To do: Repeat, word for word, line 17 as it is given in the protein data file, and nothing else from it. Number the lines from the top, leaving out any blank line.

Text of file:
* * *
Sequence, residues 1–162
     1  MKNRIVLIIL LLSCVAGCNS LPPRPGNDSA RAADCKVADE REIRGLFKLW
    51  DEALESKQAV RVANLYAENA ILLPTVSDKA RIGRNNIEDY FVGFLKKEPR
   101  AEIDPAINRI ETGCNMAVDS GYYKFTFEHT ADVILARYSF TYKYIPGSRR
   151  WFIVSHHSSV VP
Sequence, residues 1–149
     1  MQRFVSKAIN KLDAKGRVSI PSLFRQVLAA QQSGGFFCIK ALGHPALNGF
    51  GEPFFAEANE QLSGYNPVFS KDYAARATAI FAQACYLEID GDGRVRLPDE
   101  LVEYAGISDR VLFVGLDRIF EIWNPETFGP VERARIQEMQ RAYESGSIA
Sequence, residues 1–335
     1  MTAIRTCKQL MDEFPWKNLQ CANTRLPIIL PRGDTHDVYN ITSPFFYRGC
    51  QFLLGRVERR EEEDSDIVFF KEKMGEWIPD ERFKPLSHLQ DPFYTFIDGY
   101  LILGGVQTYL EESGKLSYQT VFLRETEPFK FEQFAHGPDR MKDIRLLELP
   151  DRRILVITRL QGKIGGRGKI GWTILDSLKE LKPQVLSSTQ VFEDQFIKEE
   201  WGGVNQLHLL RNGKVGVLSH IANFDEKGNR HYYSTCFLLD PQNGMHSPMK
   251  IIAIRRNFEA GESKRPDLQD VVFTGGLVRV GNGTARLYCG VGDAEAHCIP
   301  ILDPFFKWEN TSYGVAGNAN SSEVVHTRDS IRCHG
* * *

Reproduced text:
   301  ILDPFFKWEN TSYGVAGNAN SSEVVHTRDS IRCHG